DMSBD Tech Tips

Brakes, Pads, and Plungers - Submitted by  David Gibson

  1. You can reduce drag from the brake plunger and pad by cutting off the bolts. Make sure the pad  is installed before you try to cut off your first bolt so that you obtain the proper length.
  2. When figuring out the proper length, do not over-tighten the brake pad bolts. When you over  tighten the bolts the heads can pull through and you will lose your pad. The top of the head  should not be farther into the pad than the fibers that show on the side. Besides, the more you tighten the bolt the more of a bulge you produce on the side and create more wind resistance.
  3. Note the fibers on the sides of the pad.  Place one of the sides with the smooth fibers towards  the front.  The pad will wear longer.
  4. Use a greaseless lubricant (WD-40 is NOT greaseless) on the plunger. You will get much less  road and brake pad debris build-up on the underneath side of the car during the day.
  5. When working on a brake pad while it is on the car, place a weight, wrench or, better yet, a piece  of soft wood cut to length, between the top of the pad plate and the bottom of your car.  This will  keep the pad plate away from the car and make it easier to work on.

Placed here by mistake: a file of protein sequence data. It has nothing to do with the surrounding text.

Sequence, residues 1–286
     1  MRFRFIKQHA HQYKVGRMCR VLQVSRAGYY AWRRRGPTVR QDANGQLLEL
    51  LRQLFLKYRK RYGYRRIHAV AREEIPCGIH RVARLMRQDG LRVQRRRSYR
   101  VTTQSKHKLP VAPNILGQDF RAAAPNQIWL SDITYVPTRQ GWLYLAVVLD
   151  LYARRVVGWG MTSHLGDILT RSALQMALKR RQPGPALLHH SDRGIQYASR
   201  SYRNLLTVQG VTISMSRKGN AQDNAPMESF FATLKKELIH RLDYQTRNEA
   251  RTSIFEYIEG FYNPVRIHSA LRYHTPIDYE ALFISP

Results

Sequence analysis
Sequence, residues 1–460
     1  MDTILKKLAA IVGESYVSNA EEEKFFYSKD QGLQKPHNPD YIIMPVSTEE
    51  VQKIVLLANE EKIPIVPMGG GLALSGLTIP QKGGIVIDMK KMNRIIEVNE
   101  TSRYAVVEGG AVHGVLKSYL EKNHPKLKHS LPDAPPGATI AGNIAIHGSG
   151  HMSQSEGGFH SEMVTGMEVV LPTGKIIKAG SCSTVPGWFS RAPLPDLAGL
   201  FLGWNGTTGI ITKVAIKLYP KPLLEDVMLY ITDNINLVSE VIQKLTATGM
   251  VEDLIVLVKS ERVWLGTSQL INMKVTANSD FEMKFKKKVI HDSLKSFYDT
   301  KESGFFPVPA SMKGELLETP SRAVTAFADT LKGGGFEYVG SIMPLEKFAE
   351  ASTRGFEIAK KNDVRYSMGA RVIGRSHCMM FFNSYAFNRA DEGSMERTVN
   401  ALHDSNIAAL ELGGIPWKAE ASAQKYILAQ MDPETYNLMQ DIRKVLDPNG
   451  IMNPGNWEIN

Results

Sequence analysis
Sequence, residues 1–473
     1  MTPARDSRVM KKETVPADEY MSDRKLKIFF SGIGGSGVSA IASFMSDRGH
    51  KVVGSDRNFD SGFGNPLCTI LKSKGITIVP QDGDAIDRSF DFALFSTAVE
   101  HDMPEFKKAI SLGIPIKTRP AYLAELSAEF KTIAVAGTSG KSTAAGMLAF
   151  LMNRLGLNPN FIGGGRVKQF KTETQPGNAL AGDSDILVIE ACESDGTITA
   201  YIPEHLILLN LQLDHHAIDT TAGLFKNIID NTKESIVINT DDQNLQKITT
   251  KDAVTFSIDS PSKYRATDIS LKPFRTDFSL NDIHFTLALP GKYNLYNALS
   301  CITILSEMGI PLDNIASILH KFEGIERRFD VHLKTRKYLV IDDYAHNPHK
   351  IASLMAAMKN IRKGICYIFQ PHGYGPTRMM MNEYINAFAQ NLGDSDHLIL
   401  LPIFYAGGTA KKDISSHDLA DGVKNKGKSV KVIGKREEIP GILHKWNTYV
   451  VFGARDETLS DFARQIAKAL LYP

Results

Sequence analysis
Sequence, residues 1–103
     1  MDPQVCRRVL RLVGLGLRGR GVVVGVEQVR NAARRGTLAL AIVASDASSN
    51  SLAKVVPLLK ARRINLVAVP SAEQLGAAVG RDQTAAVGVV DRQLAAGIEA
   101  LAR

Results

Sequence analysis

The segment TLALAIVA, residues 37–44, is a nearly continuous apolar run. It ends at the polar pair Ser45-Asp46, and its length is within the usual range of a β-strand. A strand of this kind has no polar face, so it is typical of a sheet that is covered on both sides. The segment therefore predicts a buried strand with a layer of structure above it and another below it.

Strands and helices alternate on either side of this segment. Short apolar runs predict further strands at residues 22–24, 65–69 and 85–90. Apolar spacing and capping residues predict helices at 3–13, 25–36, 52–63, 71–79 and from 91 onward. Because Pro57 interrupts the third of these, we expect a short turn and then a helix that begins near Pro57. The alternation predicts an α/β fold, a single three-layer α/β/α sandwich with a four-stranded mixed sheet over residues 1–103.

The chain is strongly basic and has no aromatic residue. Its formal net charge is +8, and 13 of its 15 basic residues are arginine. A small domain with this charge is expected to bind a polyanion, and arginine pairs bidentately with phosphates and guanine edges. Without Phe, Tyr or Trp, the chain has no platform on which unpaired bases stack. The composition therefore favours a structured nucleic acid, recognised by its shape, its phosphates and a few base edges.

6. Use the same piece of wood and drill four holes in it using the brake pad holes as a pattern.  Over-drill the holes to 5/16.  Then place the pad over the holes and use a drill motor with a screw bit  to run the bolts into the brake pad a little ways - allowing the bolt ends to pass down into the holes.
  7. When putting the pad onto the pad plate, use a set of channel locks to grip the top EDGE of the pad  plate and leverage them against the bolt head area of the pad. This will push the short bolt up through the pad plate and make it much easier to put on the lock washer and nut. Following these hints on  replacing brake pads really speeds up the process.

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